However, consumers are becoming more skeptical of reviews and they look for red flags. They no longer trust doctors who have hundreds of glowing reviews that sound as if they were written by a publicist. It’s all about the ratio of good to bad. For example, if you have a mix of reviews yet the negative ones are focused on a particular topic or recurring theme, you might want to look at that more closely. Perhaps you are a little arrogant in the consultation, or your front desk staff are not always as welcoming as they should be. Address these kinds of issues when they arise to turn them around. It can be a very humbling exercise to read what people are writing about you. Patient ratings are the new word-of-mouth.
What not to do
By now you should be keeping tabs of online critiques leveled against your reputation. Set alerts on Google and Yahoo, and assign a staff member to watch what is being posted on all relevant sites and social networking platforms.
If you are extremely OCD, you can consider enlisting an external monitoring service to help alert you to any new developments, such as reposts of negative content and any derivative attacks that appear in response, so you can be proactive. For example, sites like Brandseye.com and Rankur.com offer extensive tools to analyze your online reputation but these services are costly and probably overkill for a solo practitioner.
Management of negative online content can take many forms. Some approaches help distill an unflattering or defamatory post, while others can backfire significantly and escalate a situation. The last thing you want is to stimulate one comment and have it spread like Poison Ivy into a chain of comments.
The worst thing you can do is to react in a defensive or aggressive manner. It is important to try and maintain a calm, rational, and reasonable approach at all times, even when the patient is completely unreasonable.
When negative posts show up, doctors often tend to take it very personally, which is understandable. In general, the best approach is: less is more. You can do more harm than good by opening up a dialogue and engaging with consumers in a public forum.
Whenever possible, keep your emotions out of it. If you are inclined to respond, please stop yourself. This is the time for cooler minds to prevail. A response from the physician can be seen as defensive, which readers can easily misconstrue as arrogance. In my view and many others, physicians should avoid entering into any potentially negative conversations online. Your office staff can respond for the practice using the ‘we’ voice. You may consider drafting a post that is very general without acknowledging any doctor-patient relationship, or risk of stirring the pot further. For example; ‘Thank you for expressing your concerns. Please contact our office to discuss this further. We would be happy to hear from you.’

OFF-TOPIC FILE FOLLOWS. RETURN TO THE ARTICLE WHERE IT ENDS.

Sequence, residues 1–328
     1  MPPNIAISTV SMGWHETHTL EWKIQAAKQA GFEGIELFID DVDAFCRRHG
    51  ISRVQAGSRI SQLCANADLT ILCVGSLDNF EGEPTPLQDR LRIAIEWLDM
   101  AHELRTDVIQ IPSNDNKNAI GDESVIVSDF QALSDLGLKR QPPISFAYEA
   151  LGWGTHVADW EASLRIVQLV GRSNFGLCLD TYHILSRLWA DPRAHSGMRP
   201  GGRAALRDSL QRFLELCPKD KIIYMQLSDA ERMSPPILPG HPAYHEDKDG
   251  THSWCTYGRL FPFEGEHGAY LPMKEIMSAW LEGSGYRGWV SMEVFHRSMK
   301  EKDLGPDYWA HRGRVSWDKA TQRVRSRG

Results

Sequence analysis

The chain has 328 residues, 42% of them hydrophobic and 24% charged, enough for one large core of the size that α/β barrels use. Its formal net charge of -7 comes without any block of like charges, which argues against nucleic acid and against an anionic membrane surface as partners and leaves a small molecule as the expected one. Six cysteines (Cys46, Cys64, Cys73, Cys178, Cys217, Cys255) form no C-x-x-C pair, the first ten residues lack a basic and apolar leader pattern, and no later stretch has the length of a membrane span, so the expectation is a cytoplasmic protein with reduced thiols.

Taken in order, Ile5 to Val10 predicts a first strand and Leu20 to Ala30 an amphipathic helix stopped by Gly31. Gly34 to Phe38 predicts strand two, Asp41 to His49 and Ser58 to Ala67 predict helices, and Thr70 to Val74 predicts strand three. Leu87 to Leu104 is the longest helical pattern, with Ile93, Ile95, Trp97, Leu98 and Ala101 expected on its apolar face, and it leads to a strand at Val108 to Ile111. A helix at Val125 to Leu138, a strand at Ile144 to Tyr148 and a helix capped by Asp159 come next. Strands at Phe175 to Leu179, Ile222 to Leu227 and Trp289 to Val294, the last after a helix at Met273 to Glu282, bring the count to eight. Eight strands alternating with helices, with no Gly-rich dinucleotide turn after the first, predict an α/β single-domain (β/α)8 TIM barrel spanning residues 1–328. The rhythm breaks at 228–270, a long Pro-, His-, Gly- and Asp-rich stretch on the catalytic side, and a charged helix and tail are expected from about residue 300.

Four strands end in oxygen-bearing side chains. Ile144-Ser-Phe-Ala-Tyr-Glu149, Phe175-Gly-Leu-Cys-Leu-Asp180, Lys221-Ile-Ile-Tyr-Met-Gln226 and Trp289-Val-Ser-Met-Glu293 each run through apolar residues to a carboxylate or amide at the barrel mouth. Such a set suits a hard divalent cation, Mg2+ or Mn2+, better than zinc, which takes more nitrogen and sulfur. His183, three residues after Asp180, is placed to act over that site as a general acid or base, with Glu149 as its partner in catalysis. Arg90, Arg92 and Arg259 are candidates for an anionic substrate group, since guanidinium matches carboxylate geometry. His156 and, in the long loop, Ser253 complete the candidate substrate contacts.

Your Administrator or Manager can try to respond to the poster with some form of an offer to continue the dialogue. The next step is to take the matter offline to continue the dialogue in the hopes of arriving at a resolution. In this way, you have demonstrated that you stand behind your reputation and pay attention to situations flagged in public forums. You can then privately try to resolve the conflict, assuming that the post is actually a real patient with a valid issue.
Common complaints and causes for negative reviews often center on long waiting times, customer service, a rushed staff, the doctor didn’t spend enough time, the feeling that the practice was too busy, overcharging for services, the perception that the fees are too high, and the ubiquitous bedside manner.
Getting posts taken down
It can be difficult to stay calm when you read posts that are unfair or untrue, and particularly when you know them to be fabricated or fake. Unfortunately, this practice is rampant. In fact, there is a cottage industry that has arose around extracting fees from physicians and other small businesses to get rid of negative reviews. In general, unsolicited emails and aggressive calls to your office offering this kind of service should be met with a grain of salt. Doctors are easy prey for the unscrupulous tactics of these companies who call on the pretense that they have seen negative reviews about your practice online and can help you take them down.
If you do get unfair negative comments, read the Terms of Service on the site with a fine-toothed comb. If the poster has violated the terms even slightly, you may have recourse to get the post removed. Whenever possible and appropriate, gather factual information in an effort to prove that the offending post if fake. For example, if a person posts about having an open rhinoplasty that collapsed, when you have not performed an open rhinoplasty for the past decade, you may be able to make a case that the poster is not your patient or is confused.